Climate change is changing the environment as much as the lifestyle of people living in coastal areas. With a combination of community, resourcefulness, and innovation two Interreg projects put creative solutions forward.need translation with this page?
Whether it is in Northern Europe or in the South, coastal areas are the most vulnerable regions to the impact of climate change. They are increasingly exposed to its effects such as frequent sea and air temperature changes, intense storms or sea level rises. These changes are challenging for the ecosystems and the livelihoods of local communities and must be addressed urgently.
Municipalities, local stakeholders, and decision-makers in coastal communities are lacking guidelines and tools that would help them become more resilient to the impacts of climate change and attractive to the people who live there. Marine Protected Areas (MPA) play an important role in climate change mitigation and adaptation in the Mediterranean, yet climate change is not explicitly incorporated in most management plans. Remote and sparsely populated areas in the Northern periphery and Arctic have the same problem. Coastal communities are struggling with climate change challenges such as loss of biodiversity and cultural heritage, sustainable exploitation of natural resources such as fisheries, and increasing numbers of tourists.
What can be done to prepare the people living in coastal areas to face the impacts of climate change? How to make more inclusive and informed decisions to better manage European coastal areas? How can thousands of kilometres of coastline be monitored with just a handful of scientists? What about involving local coastal communities or recreational divers, or simply using technology? This is the great idea that two European projects had. One takes place in the Mediterranean and the other in the Northern Periphery and Arctic.
Unexpected recruits to monitor climate change effects
Researchers, environmental NGOs and national parks from Croatia, Italy and France together founded the MPA-ADAPT project based on the premise that local knowledge matters. When people live in an intimate relationship with the natural environment, they observe changes in their daily life more sensitively. For this reason, the project partnered up with local stakeholders such as fishermen and leisure diving organisations, PADI and Divers Alert Network (DAN). Together, they monitor the impact of climate change on MPAs and collect data to raise awareness of the importance of MPAs in safeguarding biodiversity and mitigating climate change risks. MPAs serve as natural infrastructures reducing potential damage from floods, storms, and erosion.
High in the northern peripheries and the Arctic, the COAST project is also working towards more sustainable and resilient communities. The project has chosen a rather innovative way of monitoring the coast and vast seas: using drones.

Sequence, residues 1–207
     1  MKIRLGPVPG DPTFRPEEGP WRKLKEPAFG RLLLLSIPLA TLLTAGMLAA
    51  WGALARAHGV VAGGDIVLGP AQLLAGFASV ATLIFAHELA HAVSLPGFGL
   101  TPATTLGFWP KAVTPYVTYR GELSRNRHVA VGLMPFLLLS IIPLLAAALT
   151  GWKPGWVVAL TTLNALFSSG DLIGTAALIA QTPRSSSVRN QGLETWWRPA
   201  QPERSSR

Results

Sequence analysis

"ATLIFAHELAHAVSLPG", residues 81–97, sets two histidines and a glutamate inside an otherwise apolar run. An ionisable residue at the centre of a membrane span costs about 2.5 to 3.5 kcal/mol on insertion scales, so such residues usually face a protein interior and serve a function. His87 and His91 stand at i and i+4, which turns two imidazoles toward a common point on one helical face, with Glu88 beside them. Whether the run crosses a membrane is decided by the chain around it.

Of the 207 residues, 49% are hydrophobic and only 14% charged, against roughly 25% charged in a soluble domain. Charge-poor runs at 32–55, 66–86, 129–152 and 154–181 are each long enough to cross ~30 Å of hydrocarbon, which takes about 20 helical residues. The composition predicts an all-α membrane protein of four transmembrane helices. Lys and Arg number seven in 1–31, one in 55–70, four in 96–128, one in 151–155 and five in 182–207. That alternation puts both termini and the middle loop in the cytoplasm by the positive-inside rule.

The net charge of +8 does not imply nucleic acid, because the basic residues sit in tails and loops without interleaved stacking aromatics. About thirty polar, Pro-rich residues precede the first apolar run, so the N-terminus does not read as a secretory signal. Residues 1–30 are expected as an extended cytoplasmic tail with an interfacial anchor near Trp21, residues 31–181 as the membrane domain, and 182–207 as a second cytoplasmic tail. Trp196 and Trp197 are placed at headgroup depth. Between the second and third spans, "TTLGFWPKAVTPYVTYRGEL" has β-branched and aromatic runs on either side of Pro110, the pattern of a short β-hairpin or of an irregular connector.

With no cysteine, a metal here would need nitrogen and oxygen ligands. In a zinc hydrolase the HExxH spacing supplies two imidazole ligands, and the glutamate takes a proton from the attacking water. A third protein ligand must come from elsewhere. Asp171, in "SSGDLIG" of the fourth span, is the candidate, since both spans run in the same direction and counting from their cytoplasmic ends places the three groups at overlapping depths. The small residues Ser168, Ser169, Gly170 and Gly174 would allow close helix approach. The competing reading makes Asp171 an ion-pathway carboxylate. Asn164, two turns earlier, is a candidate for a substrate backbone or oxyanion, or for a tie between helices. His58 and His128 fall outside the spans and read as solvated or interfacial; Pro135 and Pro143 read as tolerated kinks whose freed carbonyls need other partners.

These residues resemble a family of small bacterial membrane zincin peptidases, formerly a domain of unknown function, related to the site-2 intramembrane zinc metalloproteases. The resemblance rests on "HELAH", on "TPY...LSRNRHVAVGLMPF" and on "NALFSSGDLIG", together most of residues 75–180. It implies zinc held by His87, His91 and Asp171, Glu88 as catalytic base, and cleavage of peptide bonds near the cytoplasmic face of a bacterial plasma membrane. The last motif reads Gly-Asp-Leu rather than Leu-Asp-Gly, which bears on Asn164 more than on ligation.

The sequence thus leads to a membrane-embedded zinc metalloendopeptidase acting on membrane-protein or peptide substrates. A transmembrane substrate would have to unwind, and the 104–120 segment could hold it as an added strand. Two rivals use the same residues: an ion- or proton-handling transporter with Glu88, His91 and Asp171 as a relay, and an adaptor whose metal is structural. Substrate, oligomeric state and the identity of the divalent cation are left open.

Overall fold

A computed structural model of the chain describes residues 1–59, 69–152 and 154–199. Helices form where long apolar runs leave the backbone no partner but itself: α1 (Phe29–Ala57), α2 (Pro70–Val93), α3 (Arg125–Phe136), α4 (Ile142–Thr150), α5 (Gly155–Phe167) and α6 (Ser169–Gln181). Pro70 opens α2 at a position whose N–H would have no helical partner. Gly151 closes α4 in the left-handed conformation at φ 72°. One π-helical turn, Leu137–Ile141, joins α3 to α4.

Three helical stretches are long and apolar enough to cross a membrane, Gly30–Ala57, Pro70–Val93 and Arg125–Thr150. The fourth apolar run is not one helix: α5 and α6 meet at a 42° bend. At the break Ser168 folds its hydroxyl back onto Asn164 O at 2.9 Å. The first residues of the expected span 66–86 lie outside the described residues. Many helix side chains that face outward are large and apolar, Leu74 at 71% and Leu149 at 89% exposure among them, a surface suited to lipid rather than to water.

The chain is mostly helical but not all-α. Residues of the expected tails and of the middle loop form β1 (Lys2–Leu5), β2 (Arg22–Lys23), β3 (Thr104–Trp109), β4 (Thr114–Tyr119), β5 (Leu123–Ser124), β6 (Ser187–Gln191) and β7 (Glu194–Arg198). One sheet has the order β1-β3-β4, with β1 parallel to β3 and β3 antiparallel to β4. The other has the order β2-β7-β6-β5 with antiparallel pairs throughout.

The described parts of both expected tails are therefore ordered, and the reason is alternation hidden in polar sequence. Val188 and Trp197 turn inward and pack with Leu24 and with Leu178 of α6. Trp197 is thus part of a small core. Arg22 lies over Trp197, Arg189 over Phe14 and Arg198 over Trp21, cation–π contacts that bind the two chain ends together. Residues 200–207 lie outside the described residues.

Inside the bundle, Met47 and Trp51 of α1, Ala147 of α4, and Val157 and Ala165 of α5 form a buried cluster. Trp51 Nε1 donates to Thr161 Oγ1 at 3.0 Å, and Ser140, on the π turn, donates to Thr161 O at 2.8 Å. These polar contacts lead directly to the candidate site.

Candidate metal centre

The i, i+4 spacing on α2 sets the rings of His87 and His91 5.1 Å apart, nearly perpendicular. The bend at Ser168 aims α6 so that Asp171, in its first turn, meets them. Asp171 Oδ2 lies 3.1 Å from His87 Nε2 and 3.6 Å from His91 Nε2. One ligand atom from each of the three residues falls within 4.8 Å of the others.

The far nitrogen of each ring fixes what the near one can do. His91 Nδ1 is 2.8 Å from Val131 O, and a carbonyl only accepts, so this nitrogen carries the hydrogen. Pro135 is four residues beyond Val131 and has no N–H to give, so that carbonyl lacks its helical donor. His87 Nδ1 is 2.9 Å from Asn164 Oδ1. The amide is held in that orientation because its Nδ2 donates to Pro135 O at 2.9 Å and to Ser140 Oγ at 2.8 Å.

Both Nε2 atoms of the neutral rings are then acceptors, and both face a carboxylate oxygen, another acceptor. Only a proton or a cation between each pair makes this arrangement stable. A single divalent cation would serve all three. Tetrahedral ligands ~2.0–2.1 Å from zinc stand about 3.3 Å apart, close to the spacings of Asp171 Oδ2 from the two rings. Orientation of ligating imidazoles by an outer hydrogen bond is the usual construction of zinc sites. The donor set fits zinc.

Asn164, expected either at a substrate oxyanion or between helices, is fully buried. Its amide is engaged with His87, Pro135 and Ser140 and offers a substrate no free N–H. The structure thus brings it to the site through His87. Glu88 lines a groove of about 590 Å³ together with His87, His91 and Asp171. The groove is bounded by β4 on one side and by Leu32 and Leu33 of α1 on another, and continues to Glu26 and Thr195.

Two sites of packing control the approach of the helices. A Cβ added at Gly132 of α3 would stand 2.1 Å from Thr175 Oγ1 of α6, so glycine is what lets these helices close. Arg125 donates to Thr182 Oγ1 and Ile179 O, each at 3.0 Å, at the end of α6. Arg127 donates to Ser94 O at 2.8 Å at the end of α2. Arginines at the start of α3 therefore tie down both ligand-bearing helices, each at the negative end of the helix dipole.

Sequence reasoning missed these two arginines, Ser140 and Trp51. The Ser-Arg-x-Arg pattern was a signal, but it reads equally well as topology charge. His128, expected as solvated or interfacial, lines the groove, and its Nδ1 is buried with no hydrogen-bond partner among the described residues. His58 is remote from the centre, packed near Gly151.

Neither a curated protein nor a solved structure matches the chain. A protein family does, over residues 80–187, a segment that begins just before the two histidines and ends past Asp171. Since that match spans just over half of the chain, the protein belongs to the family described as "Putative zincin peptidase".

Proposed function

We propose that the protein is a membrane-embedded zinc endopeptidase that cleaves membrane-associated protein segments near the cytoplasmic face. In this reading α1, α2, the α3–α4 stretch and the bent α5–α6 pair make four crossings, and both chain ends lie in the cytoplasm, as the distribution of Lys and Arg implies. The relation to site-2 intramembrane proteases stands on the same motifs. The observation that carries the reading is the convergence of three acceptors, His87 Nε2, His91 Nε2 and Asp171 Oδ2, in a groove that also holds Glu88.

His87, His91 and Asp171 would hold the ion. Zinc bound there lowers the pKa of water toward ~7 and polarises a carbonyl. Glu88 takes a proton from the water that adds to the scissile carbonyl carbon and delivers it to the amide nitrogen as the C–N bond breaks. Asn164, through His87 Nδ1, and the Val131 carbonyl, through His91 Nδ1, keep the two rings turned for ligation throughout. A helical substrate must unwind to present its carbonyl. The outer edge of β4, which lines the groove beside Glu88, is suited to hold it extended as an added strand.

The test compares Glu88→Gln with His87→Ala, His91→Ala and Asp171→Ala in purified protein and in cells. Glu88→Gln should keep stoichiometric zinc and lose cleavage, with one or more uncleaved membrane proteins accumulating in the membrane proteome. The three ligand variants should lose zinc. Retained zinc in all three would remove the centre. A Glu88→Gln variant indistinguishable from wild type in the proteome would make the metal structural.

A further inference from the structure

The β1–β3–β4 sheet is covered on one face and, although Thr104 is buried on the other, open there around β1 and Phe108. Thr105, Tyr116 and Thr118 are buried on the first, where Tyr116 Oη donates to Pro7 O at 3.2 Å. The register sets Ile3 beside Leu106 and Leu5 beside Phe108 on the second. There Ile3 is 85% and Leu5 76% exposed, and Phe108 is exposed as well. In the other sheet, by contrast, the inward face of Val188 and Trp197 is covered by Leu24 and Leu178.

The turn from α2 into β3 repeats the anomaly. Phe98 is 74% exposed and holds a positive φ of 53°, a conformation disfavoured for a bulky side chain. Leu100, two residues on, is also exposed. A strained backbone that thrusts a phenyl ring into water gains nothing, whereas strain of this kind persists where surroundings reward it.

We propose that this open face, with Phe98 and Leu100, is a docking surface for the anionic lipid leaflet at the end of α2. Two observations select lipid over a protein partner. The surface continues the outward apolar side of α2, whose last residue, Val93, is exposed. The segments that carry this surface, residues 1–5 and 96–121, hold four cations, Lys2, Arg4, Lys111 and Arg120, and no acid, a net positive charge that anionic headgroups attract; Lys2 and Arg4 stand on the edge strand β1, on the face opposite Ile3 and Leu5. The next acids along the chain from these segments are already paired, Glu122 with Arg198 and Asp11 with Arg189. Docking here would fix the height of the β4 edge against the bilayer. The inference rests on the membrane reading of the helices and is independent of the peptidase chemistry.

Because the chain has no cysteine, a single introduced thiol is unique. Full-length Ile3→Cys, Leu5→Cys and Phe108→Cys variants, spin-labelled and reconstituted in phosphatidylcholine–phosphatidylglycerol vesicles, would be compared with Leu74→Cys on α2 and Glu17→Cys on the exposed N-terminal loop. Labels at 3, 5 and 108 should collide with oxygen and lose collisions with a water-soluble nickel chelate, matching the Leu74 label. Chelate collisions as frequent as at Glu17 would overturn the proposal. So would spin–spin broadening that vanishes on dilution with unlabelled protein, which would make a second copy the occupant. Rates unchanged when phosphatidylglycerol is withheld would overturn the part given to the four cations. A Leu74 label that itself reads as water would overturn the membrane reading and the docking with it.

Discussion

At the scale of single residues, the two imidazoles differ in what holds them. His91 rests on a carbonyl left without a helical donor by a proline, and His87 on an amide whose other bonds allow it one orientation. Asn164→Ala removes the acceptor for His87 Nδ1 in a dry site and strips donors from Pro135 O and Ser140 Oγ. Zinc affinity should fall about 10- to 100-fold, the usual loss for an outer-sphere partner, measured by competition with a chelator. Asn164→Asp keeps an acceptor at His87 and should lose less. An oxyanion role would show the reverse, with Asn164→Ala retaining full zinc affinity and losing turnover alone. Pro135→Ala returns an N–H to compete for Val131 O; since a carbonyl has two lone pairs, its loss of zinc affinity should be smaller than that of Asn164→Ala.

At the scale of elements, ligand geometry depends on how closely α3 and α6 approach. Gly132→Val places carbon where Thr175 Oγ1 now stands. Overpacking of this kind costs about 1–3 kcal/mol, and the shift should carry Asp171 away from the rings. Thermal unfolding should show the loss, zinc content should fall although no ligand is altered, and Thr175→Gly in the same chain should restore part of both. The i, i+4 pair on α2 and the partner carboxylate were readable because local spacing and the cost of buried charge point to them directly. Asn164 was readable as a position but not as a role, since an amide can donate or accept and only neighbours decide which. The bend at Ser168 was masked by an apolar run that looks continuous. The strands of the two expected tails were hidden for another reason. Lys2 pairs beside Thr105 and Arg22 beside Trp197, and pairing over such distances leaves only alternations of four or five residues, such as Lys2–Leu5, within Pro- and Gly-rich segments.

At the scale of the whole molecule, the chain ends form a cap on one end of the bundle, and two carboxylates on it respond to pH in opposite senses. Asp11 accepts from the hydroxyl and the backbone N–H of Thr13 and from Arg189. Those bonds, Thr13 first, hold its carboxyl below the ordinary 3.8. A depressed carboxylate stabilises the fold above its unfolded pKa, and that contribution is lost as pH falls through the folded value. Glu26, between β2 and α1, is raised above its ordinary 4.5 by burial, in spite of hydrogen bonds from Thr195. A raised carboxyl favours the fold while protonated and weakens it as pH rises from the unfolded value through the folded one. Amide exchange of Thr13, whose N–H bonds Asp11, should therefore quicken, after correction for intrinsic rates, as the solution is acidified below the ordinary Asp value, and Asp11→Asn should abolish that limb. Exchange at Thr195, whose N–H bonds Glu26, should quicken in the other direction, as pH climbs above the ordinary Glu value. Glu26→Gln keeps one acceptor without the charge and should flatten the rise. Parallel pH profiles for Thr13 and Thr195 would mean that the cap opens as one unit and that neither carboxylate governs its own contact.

Drones are well-suited for monitoring coastal areas as these are often hard to reach because of cliffs, or the rapidly changing weather conditions and tides. At the same time, drones are believed to disturb the natural and built environment less than physical and repeated visits of researchers. Due to their low operating costs, high level of automation and high quality of data, drone surveys can efficiently document the impact of erosion and sea-level rise on natural and cultural heritage sites in coastal areas.
The added value of using drones does not come only from their ability to fly anywhere. It is also the software used to analyse the footage that has been filmed. Automated software can recognise sophisticated information such as what kind of vegetation is growing, the number and type of trees, coastal degradation, seaweed growth, etc. According to the Lead Partner of COAST Ragnheidur Thorarinsdottir from the Agricultural University of Iceland, it has never been more efficient, accurate and cheap to observe how vegetation has changed in the long run.
You can send a drone to the site instead of sending someone on a boat. One spends less oil, less time, less of everything.
Why prepare thoroughly for the impacts of climate change?
Coastal communities are the most likely to see their lifestyle transformed because of climate change. For example, fishermen might not be able to enter the sea as often as before due to more frequent extreme weather conditions. Diving centres or other commercial activities depending on the rich biodiversity of MPAs might see the number of clients decrease because of reduced attractiveness. Adapting to the new conditions and taking action is therefore essential not only for the marine ecosystems themselves but also to the activities that depend on them.
MPA-ADAPT developed a protocol to get information directly from fishermen as they are in the frontline. As Ernesto Azzurro, MPA-ADAPT Lead Partner explains, the project “conceived a methodology to extract this information that is translated into science. And at the same time, we engage those fishermen in monitoring and in managing the problem.”